I really feel like being a competent wiki user is key to the use of such a medium in and out of the classroom environment. I hope by sharing this wiki with my department they can help brainstorm ways we can implement it into our instruction.
Susan’s Teaching Philosophy
Times have changed and the face of education has evolved and is trying to keep up with the changing American culture. I began teaching 17 years ago and I have learned that you must monitor and adjust as a teacher. One thing remains the same however, and that is teaching students the ABC’s. I take it a step further and call my teaching philosophy the ABCD’s of success. Without the principles outlined in my philosophy I believe Madeline Hunter's Direct Instruction Model has little or no bearing. In a culture where the student plays a larger role in molding their own education experiences because more one parent homes and working parents are a reality.
My philosophy more indirectly follows Bloom's Taxonomy. A student is more prone to learning if they are first affected by the material and are actively engaged in the possible outcome. Teaching students they are in control of their own Attitude, Behavior, Character, and Discipline empowers them to make positive choices toward a bright future. I make it my daily mission to plant seeds of wisdom in these areas. Attitude is a measurement of what’s happening on the inside of the student. Students are actually graded on what attitude they bring to class. Attitude can drastically infect the environment of a game in physical education. Behavior is directly related to what the student displays on the outside. Will they cooperate, use proper language, act their age the list goes on. When addressing a student about behavior you always state clearly your expectations and give them a chance to make their own. Character education gives the teacher the chance to be a pseudo parent. What life principles are important to have success outside the classroom? Those same principles should be daily implemented and pointed out in the classroom. Lastly discipline, this is not punishment this is an act of compliance to personal expectations. Teaching and implementing goal setting in small ways each day in the classroom.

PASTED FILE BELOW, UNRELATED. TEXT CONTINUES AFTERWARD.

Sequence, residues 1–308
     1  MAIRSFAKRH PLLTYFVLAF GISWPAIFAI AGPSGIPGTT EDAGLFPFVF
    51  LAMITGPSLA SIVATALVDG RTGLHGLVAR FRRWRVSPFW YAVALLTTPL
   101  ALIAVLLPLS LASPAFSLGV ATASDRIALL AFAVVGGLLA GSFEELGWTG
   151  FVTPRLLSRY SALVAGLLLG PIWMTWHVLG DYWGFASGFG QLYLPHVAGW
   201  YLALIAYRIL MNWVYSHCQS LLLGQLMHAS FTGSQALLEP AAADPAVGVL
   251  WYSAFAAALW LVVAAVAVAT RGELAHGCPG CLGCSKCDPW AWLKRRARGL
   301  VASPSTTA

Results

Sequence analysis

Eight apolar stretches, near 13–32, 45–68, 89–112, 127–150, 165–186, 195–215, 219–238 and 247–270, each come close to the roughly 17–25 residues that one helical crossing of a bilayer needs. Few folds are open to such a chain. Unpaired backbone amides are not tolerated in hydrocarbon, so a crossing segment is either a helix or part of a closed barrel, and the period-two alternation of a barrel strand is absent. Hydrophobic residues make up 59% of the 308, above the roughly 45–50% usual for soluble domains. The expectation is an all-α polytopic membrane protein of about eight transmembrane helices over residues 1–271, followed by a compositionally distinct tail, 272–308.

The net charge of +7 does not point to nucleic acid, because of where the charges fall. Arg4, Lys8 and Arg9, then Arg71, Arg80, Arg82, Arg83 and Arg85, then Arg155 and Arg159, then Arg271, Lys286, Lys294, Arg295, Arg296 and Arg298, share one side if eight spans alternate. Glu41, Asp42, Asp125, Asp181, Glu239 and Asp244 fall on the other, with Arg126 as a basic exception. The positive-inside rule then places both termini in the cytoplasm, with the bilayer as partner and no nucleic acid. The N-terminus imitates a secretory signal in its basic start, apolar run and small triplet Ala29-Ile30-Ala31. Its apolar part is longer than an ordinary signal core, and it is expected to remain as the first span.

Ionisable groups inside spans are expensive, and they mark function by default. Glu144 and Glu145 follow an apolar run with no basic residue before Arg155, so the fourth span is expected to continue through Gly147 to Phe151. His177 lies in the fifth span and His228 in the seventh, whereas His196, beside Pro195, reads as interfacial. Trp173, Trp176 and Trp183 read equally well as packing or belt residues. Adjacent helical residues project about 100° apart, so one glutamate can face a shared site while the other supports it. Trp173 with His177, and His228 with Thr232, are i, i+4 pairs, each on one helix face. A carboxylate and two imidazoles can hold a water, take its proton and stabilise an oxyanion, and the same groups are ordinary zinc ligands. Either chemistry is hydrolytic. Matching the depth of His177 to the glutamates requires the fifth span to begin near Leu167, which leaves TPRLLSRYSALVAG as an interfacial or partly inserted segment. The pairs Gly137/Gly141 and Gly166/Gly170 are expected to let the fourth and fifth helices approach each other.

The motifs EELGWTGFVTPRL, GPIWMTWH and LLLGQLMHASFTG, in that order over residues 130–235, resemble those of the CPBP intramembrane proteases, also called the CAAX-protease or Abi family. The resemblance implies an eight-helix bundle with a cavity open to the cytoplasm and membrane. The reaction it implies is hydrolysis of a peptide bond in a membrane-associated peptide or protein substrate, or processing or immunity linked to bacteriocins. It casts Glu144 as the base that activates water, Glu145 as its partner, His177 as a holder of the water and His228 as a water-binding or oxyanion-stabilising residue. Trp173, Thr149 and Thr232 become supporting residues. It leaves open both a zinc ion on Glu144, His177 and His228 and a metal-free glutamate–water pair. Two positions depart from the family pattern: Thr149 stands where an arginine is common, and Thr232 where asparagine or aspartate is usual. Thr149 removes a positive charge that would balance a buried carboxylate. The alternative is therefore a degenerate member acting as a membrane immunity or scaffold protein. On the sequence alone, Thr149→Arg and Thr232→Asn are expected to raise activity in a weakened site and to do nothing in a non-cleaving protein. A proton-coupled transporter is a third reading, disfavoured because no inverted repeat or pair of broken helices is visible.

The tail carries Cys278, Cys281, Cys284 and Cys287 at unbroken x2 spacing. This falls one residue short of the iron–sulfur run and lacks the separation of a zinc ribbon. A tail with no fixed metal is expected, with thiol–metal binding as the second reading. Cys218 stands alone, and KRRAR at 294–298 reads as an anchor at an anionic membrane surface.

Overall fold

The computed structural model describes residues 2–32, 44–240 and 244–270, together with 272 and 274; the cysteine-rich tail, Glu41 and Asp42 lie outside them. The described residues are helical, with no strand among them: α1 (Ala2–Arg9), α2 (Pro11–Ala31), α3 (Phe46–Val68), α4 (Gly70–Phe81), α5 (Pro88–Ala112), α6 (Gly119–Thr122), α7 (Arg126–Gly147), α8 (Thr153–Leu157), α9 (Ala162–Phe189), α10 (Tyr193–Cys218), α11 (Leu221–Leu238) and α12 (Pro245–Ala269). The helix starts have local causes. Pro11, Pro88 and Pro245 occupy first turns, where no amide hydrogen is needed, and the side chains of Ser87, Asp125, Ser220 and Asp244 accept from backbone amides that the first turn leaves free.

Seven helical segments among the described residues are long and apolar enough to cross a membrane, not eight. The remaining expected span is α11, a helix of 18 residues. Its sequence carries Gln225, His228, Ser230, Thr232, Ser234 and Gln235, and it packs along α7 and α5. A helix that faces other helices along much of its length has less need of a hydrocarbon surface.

The key to all of this is ownership. How do you teach the standards and convince them its worth and value in their life? It can almost be as simple as making it the students idea. I’m not sure that this can work in all classroom settings. For physical education however, it truly is the key to success. Students who take control of their attitude, behavior, character and discipline within the structure of the classroom create an atmosphere for learning to take place. Students will begin to make the FITT Principle and understanding the components of physical fitness an essential part of their personal goals and implement them in and out of the classroom. Hence, build in them lifelong learning principles, fitness for life and to be passionate about what they choose to do and the world is their classroom. Passion, that’s a whole different story, perhaps on the next assignment I can elaborate.